The Accent is one of the longest running nameplates in Hyundai's history, but like many of its other cheap vehicles, it's now been retired to make way for a wider range of electrified vehicles and SUVs. That leaves it only available to buyers in used form, but even examples a few years old should still be reliable: the Accent's reliability rating according to iSeeCars stands at 7.7/10.
Our review of the latest generation Hyundai Elantra praised its economy, styling, equipment levels, and pricing — in other words, all the key elements most budget-conscious buyers will be looking for. It's worth noting that the 2023 Elantra was one of the Hyundai models affected by an August 2023 recall concerning a defective oil pump controller. However, assuming the recall work has been carried out, there's no indication that long-term reliability should be affected.
The Elantra has another problem, though, that's a lot harder to remedy: Larger vehicles rule the roost, and the Elantra can't even claim to be the roomiest sedan of its kind, either in terms of cabin space or luggage capacity. While it's a great contender in its segment, that segment only represents a small section of the market, and so unfortunately many buyers will never even consider the Elantra, despite its solid value for the money. Those that do should be rewarded with strong reliability, with iSeeCars giving the car a rating of 7.8/10.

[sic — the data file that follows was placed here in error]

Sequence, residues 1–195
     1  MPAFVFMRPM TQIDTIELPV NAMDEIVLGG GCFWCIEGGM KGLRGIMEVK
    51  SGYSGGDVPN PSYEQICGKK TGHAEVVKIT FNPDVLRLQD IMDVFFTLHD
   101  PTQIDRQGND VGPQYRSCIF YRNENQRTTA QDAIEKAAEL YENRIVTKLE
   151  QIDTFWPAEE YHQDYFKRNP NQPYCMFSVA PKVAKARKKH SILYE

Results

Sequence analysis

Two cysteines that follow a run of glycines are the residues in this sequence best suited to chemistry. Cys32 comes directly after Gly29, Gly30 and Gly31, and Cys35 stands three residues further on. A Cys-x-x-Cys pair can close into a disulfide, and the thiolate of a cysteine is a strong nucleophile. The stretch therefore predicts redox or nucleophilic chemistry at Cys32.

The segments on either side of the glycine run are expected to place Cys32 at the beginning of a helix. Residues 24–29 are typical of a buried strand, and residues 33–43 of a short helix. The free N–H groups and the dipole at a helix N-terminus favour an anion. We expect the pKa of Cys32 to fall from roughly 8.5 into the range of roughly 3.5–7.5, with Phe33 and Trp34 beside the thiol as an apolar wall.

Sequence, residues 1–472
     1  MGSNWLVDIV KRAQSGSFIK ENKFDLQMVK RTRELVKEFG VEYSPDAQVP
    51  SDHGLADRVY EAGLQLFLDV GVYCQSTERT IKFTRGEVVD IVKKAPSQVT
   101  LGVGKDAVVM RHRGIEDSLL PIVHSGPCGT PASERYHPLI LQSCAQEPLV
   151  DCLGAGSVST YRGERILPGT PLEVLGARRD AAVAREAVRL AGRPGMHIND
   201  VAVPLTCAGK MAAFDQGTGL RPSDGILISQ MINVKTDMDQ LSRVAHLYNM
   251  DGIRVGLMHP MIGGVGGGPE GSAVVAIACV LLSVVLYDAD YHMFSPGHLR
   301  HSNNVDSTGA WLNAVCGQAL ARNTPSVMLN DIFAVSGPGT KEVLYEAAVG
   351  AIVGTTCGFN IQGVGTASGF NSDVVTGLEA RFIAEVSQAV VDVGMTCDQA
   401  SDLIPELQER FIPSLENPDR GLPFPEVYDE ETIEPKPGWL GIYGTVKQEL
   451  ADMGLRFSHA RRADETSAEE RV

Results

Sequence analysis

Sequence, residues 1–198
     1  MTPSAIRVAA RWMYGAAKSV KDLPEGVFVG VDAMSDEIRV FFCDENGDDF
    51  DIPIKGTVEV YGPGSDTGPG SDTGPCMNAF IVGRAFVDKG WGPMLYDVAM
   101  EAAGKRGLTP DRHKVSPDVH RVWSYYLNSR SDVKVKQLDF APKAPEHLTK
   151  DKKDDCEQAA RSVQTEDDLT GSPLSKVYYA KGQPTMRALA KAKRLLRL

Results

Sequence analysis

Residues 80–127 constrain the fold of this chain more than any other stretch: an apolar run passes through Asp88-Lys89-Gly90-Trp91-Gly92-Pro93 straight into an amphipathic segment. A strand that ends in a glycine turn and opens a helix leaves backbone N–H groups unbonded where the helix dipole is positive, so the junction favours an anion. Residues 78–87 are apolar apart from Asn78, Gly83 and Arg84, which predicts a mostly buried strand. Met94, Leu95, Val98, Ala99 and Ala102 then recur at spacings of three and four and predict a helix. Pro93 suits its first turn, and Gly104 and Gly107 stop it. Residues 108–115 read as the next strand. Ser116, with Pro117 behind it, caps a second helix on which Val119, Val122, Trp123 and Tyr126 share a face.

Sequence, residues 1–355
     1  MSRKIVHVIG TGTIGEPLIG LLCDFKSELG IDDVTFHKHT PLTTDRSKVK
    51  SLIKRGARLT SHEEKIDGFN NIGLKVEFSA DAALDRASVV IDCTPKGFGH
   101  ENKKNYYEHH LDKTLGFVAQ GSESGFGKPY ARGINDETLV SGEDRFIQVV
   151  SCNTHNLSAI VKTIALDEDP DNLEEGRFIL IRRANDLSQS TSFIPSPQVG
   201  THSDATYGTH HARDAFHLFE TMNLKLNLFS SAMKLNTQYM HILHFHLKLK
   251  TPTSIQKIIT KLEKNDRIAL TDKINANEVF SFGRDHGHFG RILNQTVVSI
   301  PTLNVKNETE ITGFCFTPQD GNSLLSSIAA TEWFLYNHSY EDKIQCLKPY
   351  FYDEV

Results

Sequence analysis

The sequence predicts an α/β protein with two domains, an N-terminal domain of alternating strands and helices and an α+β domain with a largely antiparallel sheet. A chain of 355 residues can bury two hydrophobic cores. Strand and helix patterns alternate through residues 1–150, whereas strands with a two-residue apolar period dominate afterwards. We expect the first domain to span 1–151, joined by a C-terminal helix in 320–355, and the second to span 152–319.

Hyundai IONIQ Electric
As the South Korean automaker's first all-electric car, the IONIQ Electric needed to make a statement. It was, after all, Hyundai's announcement to the industry, an indication of its future plans. The initial version of the car wasn't quite as impressive as some had hoped, managing just 124 miles of range between charges, but the 2020 model year boosted that figure to 170 miles of range. Still hardly a blockbuster figure, but more reasonable considering the competition at the time.
The trouble was, the IONIQ Electric's styling wasn't quite as sharp as the brand's other models, and its range remained a limiting factor even after the upgrade. The car wasn't the hit that its maker wanted, and was withdrawn for 2022, being replaced by the much more eye-catching (and longer-running) IONIQ 5. While SlashGear recommends the IONIQ 5 over its predecessor, the IONIQ Electric still boasts a strong reliability rating of 7.9/10 according to iSeeCars.